Controlled fabrication of nanogaps in ambient environment for molecular electronics 043109

D. R. Strachan, D. E. Smith, D. E. Johnston, T. H. Park, Michael J. Therien, D. A. Bonnell, A. T. Johnson

Research output: Contribution to journalArticlepeer-review

267 Scopus citations

Abstract

We have developed a controlled and highly reproducible method of making nanometer-spaced electrodes using electromigration in ambient lab conditions. This advance will make feasible single molecule measurements of macromolecules with tertiary and quaternary structures that do not survive the liquid-helium temperatures at which electromigration is typically performed. A second advance is that it yields gaps of desired tunneling resistance, as opposed to the random formation at liquid-helium temperatures. Nanogap formation occurs through three regimes: First it evolves through a bulk-neck regime where electromigration is triggered at constant temperature, then to a few-atom regime characterized by conductance quantum plateaus and jumps, and finally to a tunneling regime across the nanogap once the conductance falls below the conductance quantum.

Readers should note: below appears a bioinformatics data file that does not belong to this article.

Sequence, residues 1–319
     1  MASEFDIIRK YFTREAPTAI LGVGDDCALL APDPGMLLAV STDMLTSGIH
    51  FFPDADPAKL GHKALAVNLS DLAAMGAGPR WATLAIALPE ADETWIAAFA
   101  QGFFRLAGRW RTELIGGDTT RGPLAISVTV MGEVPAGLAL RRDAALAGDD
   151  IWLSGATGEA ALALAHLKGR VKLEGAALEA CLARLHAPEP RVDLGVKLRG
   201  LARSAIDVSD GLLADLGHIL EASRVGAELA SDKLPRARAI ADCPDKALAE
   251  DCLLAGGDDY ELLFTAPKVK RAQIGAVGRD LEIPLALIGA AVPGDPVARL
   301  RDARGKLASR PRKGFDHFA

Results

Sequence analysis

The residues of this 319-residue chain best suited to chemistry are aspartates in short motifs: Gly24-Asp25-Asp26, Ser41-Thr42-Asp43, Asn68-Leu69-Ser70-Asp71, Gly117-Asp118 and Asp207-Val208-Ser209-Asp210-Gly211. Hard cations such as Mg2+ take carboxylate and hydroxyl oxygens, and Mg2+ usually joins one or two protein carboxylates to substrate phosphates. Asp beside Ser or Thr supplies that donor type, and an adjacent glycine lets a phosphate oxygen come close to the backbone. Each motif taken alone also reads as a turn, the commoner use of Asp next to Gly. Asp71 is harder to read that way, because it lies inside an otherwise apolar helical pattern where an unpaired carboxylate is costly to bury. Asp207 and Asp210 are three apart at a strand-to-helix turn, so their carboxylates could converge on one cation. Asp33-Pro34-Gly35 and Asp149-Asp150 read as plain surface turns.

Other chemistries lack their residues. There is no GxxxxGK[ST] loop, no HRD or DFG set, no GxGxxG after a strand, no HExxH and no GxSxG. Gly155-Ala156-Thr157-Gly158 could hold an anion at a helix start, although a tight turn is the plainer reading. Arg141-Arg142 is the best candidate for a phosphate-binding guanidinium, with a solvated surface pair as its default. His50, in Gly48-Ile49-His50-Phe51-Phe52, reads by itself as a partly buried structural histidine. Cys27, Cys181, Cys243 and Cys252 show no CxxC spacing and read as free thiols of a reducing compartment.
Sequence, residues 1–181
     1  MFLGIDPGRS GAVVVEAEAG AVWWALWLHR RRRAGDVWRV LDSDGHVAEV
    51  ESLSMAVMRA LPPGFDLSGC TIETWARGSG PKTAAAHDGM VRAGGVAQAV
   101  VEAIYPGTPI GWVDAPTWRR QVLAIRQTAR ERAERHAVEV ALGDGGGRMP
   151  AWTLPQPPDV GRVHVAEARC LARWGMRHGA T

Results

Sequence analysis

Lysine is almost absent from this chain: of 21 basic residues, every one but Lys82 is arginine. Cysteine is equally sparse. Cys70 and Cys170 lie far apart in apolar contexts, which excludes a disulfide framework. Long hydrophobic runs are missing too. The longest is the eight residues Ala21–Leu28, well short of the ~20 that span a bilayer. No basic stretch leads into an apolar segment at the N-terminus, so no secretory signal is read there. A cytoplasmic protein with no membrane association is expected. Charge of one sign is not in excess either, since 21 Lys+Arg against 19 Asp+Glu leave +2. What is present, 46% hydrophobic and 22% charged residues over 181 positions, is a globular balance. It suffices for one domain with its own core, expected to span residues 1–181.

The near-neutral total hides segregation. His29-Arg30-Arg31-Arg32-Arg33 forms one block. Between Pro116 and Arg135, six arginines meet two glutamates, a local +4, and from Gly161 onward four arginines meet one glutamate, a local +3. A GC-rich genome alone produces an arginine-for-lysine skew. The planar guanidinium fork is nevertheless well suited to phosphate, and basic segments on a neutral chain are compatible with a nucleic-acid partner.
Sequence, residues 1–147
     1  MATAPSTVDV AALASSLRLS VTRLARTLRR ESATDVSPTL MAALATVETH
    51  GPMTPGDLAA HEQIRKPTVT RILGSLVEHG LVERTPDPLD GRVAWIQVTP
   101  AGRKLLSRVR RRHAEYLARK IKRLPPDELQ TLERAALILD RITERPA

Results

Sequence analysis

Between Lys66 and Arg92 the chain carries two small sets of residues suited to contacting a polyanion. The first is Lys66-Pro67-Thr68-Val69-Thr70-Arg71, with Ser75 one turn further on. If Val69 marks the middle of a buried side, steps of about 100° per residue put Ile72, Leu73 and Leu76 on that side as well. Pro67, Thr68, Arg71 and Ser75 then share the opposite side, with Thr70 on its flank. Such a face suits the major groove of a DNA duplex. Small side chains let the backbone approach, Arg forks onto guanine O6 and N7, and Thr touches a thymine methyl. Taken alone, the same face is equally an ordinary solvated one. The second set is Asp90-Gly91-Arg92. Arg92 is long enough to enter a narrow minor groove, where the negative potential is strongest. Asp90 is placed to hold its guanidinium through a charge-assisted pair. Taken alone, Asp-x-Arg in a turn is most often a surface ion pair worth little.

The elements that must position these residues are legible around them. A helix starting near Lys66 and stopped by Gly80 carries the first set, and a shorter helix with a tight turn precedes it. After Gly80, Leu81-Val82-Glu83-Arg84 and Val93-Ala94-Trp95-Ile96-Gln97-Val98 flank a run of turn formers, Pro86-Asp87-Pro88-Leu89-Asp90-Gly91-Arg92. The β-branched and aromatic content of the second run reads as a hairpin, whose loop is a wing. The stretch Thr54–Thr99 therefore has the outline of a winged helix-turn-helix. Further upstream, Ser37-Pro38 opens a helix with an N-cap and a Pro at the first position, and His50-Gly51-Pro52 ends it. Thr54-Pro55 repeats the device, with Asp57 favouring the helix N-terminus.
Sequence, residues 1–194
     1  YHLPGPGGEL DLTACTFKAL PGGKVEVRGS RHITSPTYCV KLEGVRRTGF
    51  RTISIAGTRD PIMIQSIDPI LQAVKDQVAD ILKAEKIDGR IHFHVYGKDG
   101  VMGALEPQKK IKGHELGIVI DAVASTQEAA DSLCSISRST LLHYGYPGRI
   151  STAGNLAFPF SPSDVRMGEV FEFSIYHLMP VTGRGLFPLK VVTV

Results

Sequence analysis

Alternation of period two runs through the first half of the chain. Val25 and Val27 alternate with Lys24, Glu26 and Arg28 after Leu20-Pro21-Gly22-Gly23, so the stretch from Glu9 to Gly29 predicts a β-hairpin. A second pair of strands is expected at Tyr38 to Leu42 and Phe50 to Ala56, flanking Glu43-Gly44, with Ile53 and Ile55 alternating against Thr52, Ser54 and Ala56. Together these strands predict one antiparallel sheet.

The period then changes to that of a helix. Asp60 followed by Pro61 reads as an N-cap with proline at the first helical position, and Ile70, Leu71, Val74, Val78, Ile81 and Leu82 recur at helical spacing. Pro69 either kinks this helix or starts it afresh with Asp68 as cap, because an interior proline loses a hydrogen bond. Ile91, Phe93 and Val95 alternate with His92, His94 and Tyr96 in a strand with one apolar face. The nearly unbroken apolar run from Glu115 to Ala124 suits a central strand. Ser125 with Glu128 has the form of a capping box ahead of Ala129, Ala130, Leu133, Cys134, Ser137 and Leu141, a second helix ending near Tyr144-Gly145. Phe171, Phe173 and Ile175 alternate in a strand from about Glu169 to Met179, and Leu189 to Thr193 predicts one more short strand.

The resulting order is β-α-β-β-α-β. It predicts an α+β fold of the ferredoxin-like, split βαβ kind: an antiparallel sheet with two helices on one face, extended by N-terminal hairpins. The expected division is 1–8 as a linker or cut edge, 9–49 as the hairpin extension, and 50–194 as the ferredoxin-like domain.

Original languageEnglish
Article number043109
Pages (from-to)043109-1-043109-3
JournalApplied Physics Letters
Volume86
Issue number4
DOIs
StatePublished - 2005

Bibliographical note

Funding Information:
This work was supported through NSF-NIRT Grant No. 0304531 and MRSEC-NSF Grant No. DMR-00-79909. D.J. acknowledges financial support from NSF IGERT program (Grant No. DGE-0221664) and SENS.

ASJC Scopus subject areas

  • Physics and Astronomy (miscellaneous)

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